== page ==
2. Open a new m-file in MATLAB. Choose a name and save this file into the
MATLAB_Train_Simulator file. After putting your group name, individual names, and class
information at the top of the file, you should include the following commands.
clear all;
close all;
delete(instrfindall);
clc;
3. The next command should be the command learned in Task 1 to connect to the Arduino.
4. Next you need to use the commands you have learn in Tasks 2 through 5 to initiate the
components you will need to use and create ‘start-up conditions.’ Placing all of these
commands in to your script file will ensure that MATLAB is fully connected to all of the
components of the train set each time you run your script file.
5. From here, you start with an infinite while-loop, and then write the remainder of the desired
program described in task 7. An infinite while loop can be made using the statement ‘while 1’.
To break this loop, use ‘CTL + C’ in command window.
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ENGR 1181 Lab 8: Train Project
Lab Procedure 8A
Task 7: Writing a Control Program
You will spend the remainder of your time in lab writing a program that will find the speed of the train.
Record this data in the Excel worksheet.
Requirements:
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The train should start on the approach side of the track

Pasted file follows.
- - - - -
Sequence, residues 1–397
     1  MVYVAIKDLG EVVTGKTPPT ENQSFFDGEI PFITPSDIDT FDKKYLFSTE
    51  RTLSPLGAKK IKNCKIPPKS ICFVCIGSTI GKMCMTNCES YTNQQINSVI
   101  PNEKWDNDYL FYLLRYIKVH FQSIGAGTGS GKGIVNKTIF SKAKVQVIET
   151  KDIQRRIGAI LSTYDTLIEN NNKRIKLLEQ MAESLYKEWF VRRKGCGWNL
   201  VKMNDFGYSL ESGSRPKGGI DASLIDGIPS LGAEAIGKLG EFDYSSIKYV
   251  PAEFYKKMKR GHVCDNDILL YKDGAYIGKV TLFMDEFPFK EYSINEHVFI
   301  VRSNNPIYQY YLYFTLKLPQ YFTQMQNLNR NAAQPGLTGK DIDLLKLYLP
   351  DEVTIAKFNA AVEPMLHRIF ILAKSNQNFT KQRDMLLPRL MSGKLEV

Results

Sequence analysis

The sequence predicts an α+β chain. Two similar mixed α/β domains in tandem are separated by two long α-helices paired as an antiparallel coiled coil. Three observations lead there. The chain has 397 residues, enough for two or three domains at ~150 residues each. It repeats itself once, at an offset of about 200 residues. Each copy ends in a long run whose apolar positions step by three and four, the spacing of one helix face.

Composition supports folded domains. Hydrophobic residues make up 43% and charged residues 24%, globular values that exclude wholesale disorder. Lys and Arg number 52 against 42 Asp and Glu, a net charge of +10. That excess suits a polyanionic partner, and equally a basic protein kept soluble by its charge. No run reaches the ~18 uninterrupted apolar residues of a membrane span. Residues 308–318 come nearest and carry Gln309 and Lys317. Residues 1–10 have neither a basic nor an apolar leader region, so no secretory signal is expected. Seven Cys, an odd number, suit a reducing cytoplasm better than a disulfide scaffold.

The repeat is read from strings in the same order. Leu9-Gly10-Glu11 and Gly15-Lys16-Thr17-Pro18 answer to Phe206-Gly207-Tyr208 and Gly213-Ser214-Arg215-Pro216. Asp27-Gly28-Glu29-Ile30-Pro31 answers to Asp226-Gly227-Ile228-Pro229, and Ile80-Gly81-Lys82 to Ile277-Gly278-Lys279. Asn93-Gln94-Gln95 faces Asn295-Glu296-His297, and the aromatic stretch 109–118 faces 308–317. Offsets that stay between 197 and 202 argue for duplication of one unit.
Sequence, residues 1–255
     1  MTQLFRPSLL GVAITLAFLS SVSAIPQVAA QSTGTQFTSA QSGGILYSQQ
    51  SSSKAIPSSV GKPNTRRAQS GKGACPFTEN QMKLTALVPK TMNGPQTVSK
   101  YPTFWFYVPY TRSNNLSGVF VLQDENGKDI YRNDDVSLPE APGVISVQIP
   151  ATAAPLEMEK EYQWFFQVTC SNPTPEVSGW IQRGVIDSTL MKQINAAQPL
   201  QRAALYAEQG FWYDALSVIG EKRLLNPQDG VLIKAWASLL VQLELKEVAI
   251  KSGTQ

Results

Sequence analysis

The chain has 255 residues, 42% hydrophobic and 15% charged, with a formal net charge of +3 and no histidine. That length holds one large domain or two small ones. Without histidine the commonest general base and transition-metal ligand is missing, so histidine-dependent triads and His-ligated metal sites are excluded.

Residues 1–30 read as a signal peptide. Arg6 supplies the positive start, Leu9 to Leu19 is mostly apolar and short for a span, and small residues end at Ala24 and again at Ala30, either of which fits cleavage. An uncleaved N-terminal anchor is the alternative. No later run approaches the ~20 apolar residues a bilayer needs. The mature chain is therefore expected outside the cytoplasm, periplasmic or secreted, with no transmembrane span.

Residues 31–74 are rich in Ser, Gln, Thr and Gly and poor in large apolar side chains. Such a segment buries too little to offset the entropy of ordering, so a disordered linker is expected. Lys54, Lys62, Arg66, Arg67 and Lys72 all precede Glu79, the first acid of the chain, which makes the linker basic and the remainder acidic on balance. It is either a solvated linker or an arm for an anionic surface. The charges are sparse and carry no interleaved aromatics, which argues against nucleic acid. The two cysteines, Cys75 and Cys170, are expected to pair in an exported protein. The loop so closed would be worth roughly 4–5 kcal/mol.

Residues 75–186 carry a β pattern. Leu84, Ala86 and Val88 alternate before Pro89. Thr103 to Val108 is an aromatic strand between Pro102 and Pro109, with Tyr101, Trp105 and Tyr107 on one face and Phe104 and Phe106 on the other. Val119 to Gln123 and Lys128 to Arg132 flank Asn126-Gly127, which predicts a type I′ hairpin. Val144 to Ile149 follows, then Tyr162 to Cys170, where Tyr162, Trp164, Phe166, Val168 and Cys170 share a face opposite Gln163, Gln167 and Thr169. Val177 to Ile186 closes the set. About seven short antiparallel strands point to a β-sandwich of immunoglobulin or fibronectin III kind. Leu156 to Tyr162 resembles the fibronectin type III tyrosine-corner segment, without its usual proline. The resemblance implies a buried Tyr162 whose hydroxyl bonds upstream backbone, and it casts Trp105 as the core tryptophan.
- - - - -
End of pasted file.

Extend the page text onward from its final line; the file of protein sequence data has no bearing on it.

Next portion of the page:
Calculate the speed from ‘approach’ sensor to ‘departure’.
Use tic and toc to determine the time from one sensor to the other.
Run the train at full speed (i.e. a.motorSpeed(1,255))
Output the calculated time and velocity to the Command Window.
Display the time in seconds for each half-loop
Display the velocity in miles per hour AND inches per second
Repeatable until stopped manually (use ‘CTRL + C’ in command window)
Program MUST contain user-written comments.
Useful Information:
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Use F9 to run only a portion of your code (‘Run Section’)
Use tic/toc to determine time
The track diameter is 22.5 inches
Because the sensor continuously gathers data (120 samples/second), find a way to obtain only
one value (and/or store one value) when the sensors are triggered.
Notice that the train has a window; the sensor can occasionally see through it. Try to avoid an
error in your code.
The train’s speed will slowly increase over time as the motor warms up.
- Once you have the program working, enter the values required into the worksheet. Save the
complete worksheet and the m-file created in Task 7.
- Now that the arduino commands have been introduced, begin writing (or revising) your pseudocode